FAO in Armenia

Armenian greenhouse industry in focus amid COVID-19

©FAO/Gagik Harutyunyan

Rapid assessment reveals the impact of pandemic on this dynamically growing industry.

The greenhouse industry has been an important contributor to the agriculture sector in Armenia and currently it is one of the most dynamically developing industries. And the increased demand for the country’s greenhouse products, including berries, vegetables and flowers offer promising export opportunities for farmers.

In early May, FAO in collaboration with the Department of Agriculture of the Armenian Ministry of Economy, conducted a rapid impact assessment on the COVID-19 pandemic’s impact on Armenia’s greenhouse industry. The assessment covered Ararat, Lori, Shirak and Tavush marzes.

About half the greenhouse owners surveyed are having issues with access to markets (both domestic and international), however only 9 percent considered the situation to be very serious. Hampered market accessibility arises from increased transportation costs, border bans, and declining consumption in both domestic and international markets.

Production volumes have not declined significantly, still more than half of the respondents registered a price decrease stemming from export restrictions and lower consumption. Despite the losses, 83 percent said that they could keep their permanent employees. An additional 13 percent had to lay off about 10 percent, while 4 percent even 20 to 30 percent of its permanent workers.

The survey results also suggest that while economic actors can still bear the challenges and problems emerging from the crisis, their situation is fragile, and they would need tangible help to stay afloat.

In 2018, the share of vegetables in the gross agricultural output was 12.4 percent or 628.2 thousand tonnes. More than 10 percent (68.2 thousand tonnes) were harvested from greenhouses.

According to the latest data of the Ministry of Economy, during the COVID-19 pandemic, no major fluctuations nor decline have been observed in the export volumes of fruits and vegetables from Armenia, yet the sector faced a number of challenges caused by the pandemic and global lockdown.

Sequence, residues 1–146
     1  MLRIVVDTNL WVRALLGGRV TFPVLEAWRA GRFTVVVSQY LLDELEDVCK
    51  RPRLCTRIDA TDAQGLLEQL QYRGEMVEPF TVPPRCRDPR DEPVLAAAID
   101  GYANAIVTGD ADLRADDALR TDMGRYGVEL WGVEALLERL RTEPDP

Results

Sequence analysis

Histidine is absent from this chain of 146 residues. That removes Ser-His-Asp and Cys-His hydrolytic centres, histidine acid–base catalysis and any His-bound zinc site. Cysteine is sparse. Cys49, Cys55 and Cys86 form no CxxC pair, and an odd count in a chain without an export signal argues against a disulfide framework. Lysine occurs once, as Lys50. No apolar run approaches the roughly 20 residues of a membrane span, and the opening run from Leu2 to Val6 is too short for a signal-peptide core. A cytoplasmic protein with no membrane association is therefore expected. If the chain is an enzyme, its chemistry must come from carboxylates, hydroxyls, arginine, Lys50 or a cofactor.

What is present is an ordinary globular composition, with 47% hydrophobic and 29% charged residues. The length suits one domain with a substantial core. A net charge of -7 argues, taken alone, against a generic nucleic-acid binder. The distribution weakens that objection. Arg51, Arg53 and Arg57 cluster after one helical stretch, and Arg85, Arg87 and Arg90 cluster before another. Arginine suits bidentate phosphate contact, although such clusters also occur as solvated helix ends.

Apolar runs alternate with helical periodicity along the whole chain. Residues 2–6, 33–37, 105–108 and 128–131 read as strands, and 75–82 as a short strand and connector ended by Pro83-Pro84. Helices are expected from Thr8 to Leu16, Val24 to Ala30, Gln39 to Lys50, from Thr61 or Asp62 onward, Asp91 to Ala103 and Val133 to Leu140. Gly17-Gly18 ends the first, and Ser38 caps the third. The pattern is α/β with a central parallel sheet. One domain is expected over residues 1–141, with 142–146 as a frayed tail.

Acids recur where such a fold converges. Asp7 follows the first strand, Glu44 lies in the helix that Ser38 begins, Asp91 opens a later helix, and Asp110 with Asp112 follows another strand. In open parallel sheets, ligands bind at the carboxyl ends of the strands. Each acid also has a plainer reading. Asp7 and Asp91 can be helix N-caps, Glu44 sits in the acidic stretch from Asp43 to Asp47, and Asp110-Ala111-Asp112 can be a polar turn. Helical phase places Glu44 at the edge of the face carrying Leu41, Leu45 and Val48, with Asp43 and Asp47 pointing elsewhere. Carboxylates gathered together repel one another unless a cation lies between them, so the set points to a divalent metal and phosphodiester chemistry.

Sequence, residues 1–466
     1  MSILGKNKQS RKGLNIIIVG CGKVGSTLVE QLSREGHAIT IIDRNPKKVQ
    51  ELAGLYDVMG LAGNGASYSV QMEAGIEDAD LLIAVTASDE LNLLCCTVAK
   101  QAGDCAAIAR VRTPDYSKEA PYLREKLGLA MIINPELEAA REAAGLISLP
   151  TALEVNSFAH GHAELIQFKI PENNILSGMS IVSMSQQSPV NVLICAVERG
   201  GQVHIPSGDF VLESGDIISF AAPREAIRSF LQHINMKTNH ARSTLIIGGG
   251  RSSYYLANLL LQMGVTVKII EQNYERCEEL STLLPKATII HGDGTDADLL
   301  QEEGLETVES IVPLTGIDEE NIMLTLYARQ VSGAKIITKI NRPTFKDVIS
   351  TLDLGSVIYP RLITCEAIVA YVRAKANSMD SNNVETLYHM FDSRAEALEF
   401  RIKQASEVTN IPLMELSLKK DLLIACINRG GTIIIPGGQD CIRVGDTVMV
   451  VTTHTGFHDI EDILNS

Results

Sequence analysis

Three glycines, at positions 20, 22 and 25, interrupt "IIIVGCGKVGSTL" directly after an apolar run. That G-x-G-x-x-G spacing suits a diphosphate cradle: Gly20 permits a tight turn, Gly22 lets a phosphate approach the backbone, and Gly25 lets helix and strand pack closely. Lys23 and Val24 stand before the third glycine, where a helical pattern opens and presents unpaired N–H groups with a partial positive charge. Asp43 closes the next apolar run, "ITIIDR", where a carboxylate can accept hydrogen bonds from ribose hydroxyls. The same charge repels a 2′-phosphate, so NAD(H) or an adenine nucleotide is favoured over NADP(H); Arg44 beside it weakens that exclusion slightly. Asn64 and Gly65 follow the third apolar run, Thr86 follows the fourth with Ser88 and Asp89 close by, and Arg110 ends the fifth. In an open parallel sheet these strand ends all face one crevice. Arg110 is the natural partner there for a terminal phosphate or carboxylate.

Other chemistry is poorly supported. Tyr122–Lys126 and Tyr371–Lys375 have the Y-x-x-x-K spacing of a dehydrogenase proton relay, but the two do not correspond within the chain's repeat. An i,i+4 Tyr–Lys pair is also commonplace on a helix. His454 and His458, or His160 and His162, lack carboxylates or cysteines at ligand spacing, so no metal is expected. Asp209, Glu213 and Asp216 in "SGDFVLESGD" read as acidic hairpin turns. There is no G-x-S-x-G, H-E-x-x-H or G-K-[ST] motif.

In Armenia, about 1 300 hectares of land are cultivated in greenhouses, out of which 177 hectares by using the latest technologies. About 90 percent of all greenhouses are located in Ararat, Armavir, and Kotayk marzes. 

To comply with export standards, the greenhouse sector needs to be modernized, particularly for new markets that emerged in addition to the Russian market. Moreover, limited labour market skills, poor infrastructure, and legal and regulatory obstacles are further limiting factors that hinder the sector from joining global supply chains. 

Therefore, over last few years the Government of the Republic of Armenia, in close cooperation with FAO and other international organizations, has been promoting the expansion of the greenhouse sector.  


According to the survey, the greenhouse industry representatives assure registering decline of sales, price decrease, logistic issues, etc. Thus, recommendations to help recover the industry include but are not limited, to the following:

  • Provide technical assistance and training for better quality through adapting sustainable greenhouse production systems.
  • Establish a flexible core working group with representatives of the producers and government, led by the Ministry of Economy for immediate response to transportation difficulties.
  • Develop an umbrella brand for greenhouse products from Armenia for more effectiveness marketing and to create better standards for food producers.
  • As Armenian export significantly depends on the Russian market, it is also exposed to the exchange rate, especially during crises. In addition to recommend export market diversification, the Central Bank could also consider the possibility of developing different financial hedging tools to mitigate the currency risk for food exporters.